Recently your social networking sites have probably be inundated with bare faced selfies for cancer awareness. You know what your reaction was to the scrubbed smiling faces, my guess is your first thought was - how many goes did they have at taking that selfie? And secondly how does this help cancer? Rather like the mysterious trend that occasionally reappears in which all the girls post tweets or Facebook statuses in which they share the colour of their bra or pants (always pink or black, never 'mixed wash grey' or 'caught short shit stained') to 'raise awareness' the current trend for the bare faced selfies has caused confusion about the importance of awareness and donation. There's no charge (yet) for posting selfies. Of course joke's on the cynical - as ever. There's been a massive surge in donations as people were prompted to include the number to text in order to donate to raise both awareness and funds for cancer charities.
I believe it was the too-brilliant-to-induce-envy Tavi Gevinson who introduced us to 'resting bitch face'. Even going as far as to create a guide for those who struggle with furrowing their brow in a dismissive expression to demonstrate levels of high bitchnosity. Since this guide was published girls and women across the world have been able to express their displeasure with the flicker of an eyebrow and the crinkle of a forehead. Then two or so years later Taylor Orci wrote the script for a short film drawing attention to "Bitchy Resting Face" in a plea to the general public not take BRF personally. It's just their face! However, many members of the general public do seem to take it personally and believe women in particular should tread the streets with a smile in their face and maybe an upbeat Taylor Swift song in their heart. I'm willing to bet most women's first taste of mild street harassment (for it is street harassment) was being told to smile. Or cheer up. Smile! you live in a patriarchy.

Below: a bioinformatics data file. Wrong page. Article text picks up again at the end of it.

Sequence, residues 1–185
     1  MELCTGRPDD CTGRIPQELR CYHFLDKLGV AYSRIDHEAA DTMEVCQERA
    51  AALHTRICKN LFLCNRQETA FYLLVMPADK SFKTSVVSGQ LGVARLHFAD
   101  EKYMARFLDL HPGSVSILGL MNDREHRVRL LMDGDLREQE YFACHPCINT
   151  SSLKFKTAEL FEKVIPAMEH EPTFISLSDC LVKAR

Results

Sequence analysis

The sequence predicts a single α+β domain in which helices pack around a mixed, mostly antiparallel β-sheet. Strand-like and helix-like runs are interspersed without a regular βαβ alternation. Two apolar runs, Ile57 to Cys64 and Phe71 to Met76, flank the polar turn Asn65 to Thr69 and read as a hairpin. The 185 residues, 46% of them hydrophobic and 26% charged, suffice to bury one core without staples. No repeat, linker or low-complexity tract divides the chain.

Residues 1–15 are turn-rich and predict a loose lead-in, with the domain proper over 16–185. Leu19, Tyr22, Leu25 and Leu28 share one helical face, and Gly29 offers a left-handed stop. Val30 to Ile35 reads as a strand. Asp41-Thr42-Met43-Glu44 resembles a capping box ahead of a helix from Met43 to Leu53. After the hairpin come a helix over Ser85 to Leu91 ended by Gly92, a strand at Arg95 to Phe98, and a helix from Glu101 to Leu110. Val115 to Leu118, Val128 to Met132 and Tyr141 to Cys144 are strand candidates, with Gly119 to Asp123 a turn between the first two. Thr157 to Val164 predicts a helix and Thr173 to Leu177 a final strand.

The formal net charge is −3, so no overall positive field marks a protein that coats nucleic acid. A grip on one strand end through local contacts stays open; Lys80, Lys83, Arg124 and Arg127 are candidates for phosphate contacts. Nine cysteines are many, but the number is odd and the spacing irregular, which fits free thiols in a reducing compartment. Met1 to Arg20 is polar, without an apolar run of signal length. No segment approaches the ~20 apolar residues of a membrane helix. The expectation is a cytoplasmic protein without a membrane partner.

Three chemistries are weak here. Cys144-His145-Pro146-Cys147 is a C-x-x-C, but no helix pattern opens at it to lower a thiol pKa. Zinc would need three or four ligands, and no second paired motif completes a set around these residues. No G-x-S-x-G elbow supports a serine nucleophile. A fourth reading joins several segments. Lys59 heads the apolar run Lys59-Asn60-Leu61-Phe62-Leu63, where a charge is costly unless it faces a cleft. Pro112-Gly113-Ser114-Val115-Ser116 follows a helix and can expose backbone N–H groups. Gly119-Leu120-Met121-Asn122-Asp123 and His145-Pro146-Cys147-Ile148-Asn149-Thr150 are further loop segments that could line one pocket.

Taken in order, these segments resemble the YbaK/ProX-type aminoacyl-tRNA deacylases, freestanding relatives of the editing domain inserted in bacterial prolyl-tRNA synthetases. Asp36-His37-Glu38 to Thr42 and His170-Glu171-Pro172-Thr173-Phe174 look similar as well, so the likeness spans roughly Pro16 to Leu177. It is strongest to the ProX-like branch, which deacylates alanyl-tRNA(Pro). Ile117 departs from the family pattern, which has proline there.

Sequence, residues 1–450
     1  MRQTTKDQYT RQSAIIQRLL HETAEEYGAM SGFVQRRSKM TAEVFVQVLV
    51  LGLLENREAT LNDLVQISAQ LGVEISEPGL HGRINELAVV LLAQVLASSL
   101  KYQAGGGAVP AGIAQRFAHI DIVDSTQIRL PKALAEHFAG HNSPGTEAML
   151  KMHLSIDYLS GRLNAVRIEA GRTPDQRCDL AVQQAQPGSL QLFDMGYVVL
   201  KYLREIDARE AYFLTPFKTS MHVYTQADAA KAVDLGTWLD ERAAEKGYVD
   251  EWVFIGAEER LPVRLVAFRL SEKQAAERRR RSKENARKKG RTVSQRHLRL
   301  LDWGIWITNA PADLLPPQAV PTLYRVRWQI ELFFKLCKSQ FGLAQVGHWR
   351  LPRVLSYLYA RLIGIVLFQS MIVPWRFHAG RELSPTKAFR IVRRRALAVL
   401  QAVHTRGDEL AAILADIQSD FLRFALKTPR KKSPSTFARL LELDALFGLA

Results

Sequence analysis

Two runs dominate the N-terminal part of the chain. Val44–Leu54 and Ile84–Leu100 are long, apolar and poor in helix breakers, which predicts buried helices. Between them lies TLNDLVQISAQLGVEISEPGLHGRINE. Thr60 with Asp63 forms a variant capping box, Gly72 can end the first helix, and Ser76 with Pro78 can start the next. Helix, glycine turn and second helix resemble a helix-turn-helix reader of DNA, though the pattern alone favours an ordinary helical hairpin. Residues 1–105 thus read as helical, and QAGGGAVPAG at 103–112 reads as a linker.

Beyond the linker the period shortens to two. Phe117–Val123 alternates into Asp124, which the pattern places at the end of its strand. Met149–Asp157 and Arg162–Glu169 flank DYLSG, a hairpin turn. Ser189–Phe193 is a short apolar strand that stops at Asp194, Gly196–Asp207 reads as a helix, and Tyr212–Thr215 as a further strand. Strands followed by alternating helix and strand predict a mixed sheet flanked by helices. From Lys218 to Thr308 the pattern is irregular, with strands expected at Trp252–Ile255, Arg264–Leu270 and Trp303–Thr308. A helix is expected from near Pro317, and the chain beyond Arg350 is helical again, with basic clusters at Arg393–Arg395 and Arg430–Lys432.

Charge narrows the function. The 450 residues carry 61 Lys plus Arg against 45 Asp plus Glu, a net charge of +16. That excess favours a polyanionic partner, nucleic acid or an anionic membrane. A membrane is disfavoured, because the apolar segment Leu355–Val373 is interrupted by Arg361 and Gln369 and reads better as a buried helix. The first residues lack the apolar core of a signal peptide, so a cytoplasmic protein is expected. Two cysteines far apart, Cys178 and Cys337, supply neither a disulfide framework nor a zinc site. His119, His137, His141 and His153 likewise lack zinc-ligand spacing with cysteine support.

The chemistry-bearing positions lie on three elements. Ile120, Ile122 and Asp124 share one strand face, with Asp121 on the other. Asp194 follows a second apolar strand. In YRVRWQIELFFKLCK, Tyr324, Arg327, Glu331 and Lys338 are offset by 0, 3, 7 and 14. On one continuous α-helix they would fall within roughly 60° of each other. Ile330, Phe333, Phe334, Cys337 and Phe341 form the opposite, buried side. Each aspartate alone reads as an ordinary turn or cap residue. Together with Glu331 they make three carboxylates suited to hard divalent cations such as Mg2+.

The smart phone and social media explosion in recent times mean that everybody - but especially Generation Y or Millennials - is increasingly involved in a constant exercise of self branding. What's your brand? Do you regularly post selfies of you pulling an expression that shows you're unimpressed with your current situation (but also totes hot)? Or maybe you think we all want to know what you're eating right about now. Perhaps you're a young man in his late teens or early 20s and you need us all to know what a cynic you are - nothing fools you, nossir because you live your life with #nofilter, if you will. By the way what are you wearing right now?
According to the British Association of Aesthetic Plastic Surgeons cosmetic surgery is on the rise. The number of people undergoing cosmetic surgery procedures went beyond 50,000. There was a 13% increase in the number of breast augmentations and the demand for liposuction went up by 41%. "every one of the cosmetic ops monitored individually also showed a double-digit rise across the board. Such a significant increase has not been seen since before 2008". 90% of the entire number of people undergoing such procedures was made up of women.
Recently Public Health England released figures to the Daily Mail concerning children under the age of consent and STIs. Over 5000 children under 16 were diagnosed with STIs in 2012. This number has more than doubled since 2003, with cases being reported of under 16s being treated for chlamydia, gonorrhoea, herpes, warts and other STIs. Is this hysteria over a minority? Meh, perhaps perhaps. In fact looking at the recorded numbers... why, yes. But how long do you wait before you react?
It isn't about if you react or not so much as how you react. Firstly in the reporting of these figures the Daily Mail vaguely mention that "Charities said easy access to online porn meant thousands of schoolchildren barely into their teenage years are getting their sex education online."